We discussed using memory_usage='deep' earlier to get detailed memory breakdown.


Setting null_counts=True will include a column showing the number of non-null values per column.

How Works Internally

Under the hood, works by iterating through the columns of the DataFrame and extracting the index, column and data type details.

It uses the following attributes and methods:

The output summary string is constructed using this information.

Knowing this helps understand what operations are done internally by We can avoid repeating any redundant operations in our own code.

Comparison with df.describe()

Both and df.describe() are used for exploratory data analysis with Pandas. But they provide different types of summaries:

So complements df.describe() by providing structural metadata compared to just statistics.

Here is a comparison:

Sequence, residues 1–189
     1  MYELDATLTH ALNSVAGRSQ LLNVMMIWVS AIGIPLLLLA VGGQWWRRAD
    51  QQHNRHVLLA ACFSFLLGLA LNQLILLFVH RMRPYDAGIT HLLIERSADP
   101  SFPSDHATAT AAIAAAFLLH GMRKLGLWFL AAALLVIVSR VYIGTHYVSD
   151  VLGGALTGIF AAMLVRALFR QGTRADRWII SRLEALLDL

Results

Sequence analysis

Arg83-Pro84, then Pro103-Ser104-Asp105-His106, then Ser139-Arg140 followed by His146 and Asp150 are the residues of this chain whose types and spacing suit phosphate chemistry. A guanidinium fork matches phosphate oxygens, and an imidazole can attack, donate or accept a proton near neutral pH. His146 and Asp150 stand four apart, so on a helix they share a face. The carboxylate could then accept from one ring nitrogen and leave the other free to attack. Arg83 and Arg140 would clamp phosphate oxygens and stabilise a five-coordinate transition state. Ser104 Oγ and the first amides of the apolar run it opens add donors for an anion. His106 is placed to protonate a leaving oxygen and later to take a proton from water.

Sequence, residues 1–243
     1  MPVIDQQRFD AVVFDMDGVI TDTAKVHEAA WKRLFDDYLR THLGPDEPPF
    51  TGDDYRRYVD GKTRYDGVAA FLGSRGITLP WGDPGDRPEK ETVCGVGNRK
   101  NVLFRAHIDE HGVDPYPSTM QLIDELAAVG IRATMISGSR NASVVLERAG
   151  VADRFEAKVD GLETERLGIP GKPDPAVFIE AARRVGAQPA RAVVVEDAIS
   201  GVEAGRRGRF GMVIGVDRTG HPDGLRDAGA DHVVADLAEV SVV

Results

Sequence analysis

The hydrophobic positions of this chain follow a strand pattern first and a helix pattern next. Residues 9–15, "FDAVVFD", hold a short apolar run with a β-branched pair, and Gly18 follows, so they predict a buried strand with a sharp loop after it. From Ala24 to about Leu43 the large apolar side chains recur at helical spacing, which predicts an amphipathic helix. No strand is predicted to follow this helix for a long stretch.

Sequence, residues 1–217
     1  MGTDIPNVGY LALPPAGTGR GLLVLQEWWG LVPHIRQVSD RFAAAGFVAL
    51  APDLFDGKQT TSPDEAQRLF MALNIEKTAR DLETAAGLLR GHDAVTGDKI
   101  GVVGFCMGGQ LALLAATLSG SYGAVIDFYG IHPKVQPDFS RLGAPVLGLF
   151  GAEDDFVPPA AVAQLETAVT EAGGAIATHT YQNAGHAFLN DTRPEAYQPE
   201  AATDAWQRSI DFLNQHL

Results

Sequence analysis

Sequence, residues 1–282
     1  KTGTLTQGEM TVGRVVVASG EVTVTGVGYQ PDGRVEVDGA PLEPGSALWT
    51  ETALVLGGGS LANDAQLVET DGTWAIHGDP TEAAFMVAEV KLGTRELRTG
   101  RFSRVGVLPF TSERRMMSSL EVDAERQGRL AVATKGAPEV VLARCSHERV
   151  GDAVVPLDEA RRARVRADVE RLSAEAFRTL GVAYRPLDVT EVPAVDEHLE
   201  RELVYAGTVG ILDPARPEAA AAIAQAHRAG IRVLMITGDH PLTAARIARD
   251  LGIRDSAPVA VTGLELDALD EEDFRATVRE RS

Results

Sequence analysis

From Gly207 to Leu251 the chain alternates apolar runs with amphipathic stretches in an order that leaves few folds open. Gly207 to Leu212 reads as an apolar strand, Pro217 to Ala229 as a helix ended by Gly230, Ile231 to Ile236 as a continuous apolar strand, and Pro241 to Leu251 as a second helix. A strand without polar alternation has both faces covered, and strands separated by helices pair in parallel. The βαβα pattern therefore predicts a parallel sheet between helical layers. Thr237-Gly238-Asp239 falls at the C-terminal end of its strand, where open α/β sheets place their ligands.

df = pd.DataFrame({'A': [1, 2], 'B': [3, 4]})



<class 'pandas.core.frame.DataFrame'>
RangeIndex: 2 entries, 0 to 1
Data columns (total 2 columns):
 #   Column  Non-Null Count  Dtype
---  ------  --------------  -----
 0   A       2 non-null      int64
 1   B       2 non-null      int64
dtypes: int64(2)
memory usage: 96.0 bytes

        A    B
count  2.0  2.0
mean   1.5  3.5
std    0.5  0.5
min    1.0  3.0
25%    1.0  3.0
50%    1.5  3.5
75%    2.0  4.0
max    2.0  4.0

We can see provides structural metadata like column names, dtypes, index etc. while df.describe() provides statistical summary like mean, standard deviation etc.

Using both together gives a more comprehensive data profile.

Limitations to be Aware Of

While is very useful, some limitations to keep in mind:


In this comprehensive guide, we explored in depth including its parameters, use cases, internal working and limitations.

The key takeaways are:

Overall, mastering provides a simple yet powerful way to understand the shape of DataFrames for effective data analysis in Python. It should be part of every Pandas user’s toolbox.

Hopefully this guide gives you the knowledge to use for profiling DataFrames confidently. The key is practice - use liberally when exploring datasets to build intuition. This will enable you to derive insights from data more effectively using Python.